Plastic Waste (MT/yr) 4,03,870
Current scenario!! (MSW)
Disposed in open dumping sites (81%) (MT/yr) (WTERT, 2014) 32,261,81
Plastic to energy conversion-Case
Energy content of mixed plastics 9585 KWh/Tonne
Power generation potential (MW/yr) from plastic waste conversion 1,29,036**
No. of street lights (250W, 12 hours per day) that can be lit with saving of energy from recycling plastic trash 1,17,842***

*MT-metric tons.# Data to be used for indicative purpose only.

** (4,03,870*0.80*9585)/(24*1000)= 1,29,036 (approx)

***(1,29,036*106 )/(250*365*12)= 1,17,842 street lights/yr

 Assumptions:

  • Municipal Solid Waste (MSW) generated- 0.65 kg/capita/d (WTERT, 2014)
  • Plastic waste (PW) – 10.14% of MSW (CPCB, 2014)
  • Energy content of mixed plastics is 9585 KWh/Tonne (Source: British polythene Industries PLC)
  • Lamps used for street lighting to be of 250W and being utilized for 12 hours per day.
  • It has been assumed that currently only 20% of plastic trash is being recycled.

Another major problem is the use of plastic spoons, glasses, and plates for small social gatherings where huge amount of plastic waste is generated in a day.Several start-ups have also come up with the idea of organic cutlery. The glass, spoon, plates and even containers are made of bagasse, areca leaves, palm leaves which are biodegradable. Narayana Pessapaty, founder of Bakey’s Food Private Limited has gone a step ahead to produce cutlery of jowar, rice, and wheat flour which are biodegradable (takes 5-6days to biodegrade) and edible! (www.bakeys.com/)

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It’s time to sit up, take notice and stop doing small small things creating destruction in the environment. The following steps that can be undertaken to stop, reuse and recycle the plastic:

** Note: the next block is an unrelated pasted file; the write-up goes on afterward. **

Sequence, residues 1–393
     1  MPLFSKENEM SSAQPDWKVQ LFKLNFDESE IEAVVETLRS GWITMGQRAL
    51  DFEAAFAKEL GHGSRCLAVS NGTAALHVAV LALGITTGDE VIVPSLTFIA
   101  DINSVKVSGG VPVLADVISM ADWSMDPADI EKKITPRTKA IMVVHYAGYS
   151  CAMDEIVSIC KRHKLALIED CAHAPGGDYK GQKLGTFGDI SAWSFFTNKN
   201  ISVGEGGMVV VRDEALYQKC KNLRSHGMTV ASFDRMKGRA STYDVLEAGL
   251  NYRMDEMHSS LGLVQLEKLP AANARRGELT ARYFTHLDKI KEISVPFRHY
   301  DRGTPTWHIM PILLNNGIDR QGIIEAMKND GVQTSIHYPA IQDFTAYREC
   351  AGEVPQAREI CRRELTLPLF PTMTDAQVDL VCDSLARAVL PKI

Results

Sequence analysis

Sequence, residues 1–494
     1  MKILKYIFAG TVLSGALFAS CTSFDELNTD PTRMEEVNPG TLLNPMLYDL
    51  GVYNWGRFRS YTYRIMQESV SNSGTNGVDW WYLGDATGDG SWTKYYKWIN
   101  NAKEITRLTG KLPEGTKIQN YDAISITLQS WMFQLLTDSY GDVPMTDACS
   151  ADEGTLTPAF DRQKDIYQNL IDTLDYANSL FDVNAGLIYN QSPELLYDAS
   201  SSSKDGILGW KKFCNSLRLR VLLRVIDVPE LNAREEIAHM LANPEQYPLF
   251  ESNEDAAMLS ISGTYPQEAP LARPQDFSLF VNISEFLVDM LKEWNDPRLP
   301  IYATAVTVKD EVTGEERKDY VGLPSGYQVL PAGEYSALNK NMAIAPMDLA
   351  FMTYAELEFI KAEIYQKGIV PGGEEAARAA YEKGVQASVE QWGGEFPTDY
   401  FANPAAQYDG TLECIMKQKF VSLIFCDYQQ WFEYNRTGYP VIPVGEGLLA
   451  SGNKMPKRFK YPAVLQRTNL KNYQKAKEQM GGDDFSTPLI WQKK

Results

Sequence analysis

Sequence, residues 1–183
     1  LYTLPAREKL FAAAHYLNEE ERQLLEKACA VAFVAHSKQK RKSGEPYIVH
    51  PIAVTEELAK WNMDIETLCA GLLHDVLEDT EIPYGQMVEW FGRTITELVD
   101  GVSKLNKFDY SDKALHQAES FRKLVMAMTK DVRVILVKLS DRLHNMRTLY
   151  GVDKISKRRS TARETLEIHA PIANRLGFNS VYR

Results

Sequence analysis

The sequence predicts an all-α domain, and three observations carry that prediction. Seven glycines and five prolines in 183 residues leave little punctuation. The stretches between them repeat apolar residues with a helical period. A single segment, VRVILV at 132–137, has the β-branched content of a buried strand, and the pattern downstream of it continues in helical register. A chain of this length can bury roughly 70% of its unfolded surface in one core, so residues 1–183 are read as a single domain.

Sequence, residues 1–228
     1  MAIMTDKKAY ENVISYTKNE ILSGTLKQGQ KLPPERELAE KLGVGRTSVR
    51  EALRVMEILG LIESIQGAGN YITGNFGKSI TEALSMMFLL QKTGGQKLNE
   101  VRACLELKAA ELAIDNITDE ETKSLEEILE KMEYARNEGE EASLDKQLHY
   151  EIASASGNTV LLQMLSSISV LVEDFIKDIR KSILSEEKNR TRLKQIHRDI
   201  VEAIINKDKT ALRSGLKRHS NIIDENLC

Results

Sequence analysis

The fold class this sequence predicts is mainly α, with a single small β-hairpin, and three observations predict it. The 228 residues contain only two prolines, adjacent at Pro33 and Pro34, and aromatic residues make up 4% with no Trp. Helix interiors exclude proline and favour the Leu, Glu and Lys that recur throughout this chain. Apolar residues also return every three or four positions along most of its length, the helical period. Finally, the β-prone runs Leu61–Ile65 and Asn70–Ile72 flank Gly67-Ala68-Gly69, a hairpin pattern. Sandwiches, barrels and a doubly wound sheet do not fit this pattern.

• Recycle plastic bottles
  • Do not use plastic bags
  • Promote the use of jute bags (the industry is dying a slow death), cloth and nylon bags
  • Create awareness among citizens, especially the school students (as school projects)
  • Use organic cutlery for social gatherings
  • Avoid buying packaged drinking water (carry your own water bottles)

LIST OF PLASTIC RECYCLABLE SERVICES/PLANTS

Service Provider Website Location
Pom Pom http://www.pompom.in/index.php New Delhi
Conserve India http://www.conserveindia.org/index.html Bahadurgarh(Haryana), New Delhi
Ganesha Ecosphere Ltd. http://ganeshaecosphere.com/ New Delhi, Raipur, Kanpur
Mahalakshmi SpintexPvt Ltd. http://www.mahalakshmifibre.com/about-us.html Solan(Himachal Pradesh)
Shiva Group http://www.shivagroup.info/index.aspx Ludhiana (Punjab)
Arora Fibers http://www.arorafibres.in/ Mumbai
Nexgen RecyclingPvt. Ltd. http://www.nexgenrecycler.com(website not active) Ahmedabad
Abhishek Trademart Pvt. Ltd. http://www.alexisgreenearth.com/ Jaipur
AGL Polyfil Pvt Ltd. http://www.aglpolyfil.com/index.php Kolkata, Howrah
Balaji Plastics http://www.balajiplastics.com/ Chennai, Pondicherry, Bengaluru
Recycle Guru http://recycleguru.in/index.php Bengaluru
Star Polymers (website not available)Contact:092497 23431 Muzhappilangadi (Kerela)
Samki Group of Companies http://www.samkigroup.in/ Hyderabad

 

References

  1. http://www.census2011.co.in/census/state/delhi.html
  2. http://planningcommission.nic.in/reports/genrep/rep_wte1205.pdf
  3. http://www.plasticisgreen.com/biodegradation3.htm (British polythene Industries PLC)
  4. http://www.iswa.org
  5. /home/news/news-detail/browse/14/article/iswa-report-2013/109/
  6. http://cpcb.nic.in/PWM-Website2015.pdf
DISCLAIMER : Views expressed above are the author’s own.

About the Author :

Vishal Sethi has corporate experience of more than 15 years in leading IT & telcom companies till ‘Keep India Beautiful’ happened to him. He is dedicated to ‘Keep India Beautiful’ on full time basis. Vishal has authored three books apart from blogging on different issues. He firmly believes in community wellbeing and has been associated with community causes since his university days. He is passionate about environment and issues related to society & youth.

*The article was originally published online in “Keep India Beautiful” blog in The Times Of India.